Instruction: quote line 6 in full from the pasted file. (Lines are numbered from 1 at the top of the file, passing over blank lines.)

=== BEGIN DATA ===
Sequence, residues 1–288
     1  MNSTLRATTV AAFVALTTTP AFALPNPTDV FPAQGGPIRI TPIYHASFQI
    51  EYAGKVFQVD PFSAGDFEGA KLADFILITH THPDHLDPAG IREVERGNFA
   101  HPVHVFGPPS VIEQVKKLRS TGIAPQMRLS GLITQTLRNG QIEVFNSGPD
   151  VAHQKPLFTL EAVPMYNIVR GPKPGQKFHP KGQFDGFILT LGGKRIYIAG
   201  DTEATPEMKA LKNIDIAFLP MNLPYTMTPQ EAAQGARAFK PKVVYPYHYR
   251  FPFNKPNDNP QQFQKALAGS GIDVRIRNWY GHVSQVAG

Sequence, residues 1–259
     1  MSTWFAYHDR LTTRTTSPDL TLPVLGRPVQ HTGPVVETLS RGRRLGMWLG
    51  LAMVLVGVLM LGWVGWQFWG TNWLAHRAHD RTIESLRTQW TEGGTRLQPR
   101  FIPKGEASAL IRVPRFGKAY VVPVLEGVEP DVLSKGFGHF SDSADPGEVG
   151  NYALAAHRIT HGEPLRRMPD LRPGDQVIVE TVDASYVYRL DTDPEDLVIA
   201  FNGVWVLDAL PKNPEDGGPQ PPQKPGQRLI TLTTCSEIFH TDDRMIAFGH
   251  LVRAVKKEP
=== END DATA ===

   201  DTEATPEMKA LKNIDIAFLP MNLPYTMTPQ EAAQGARAFK PKVVYPYHYR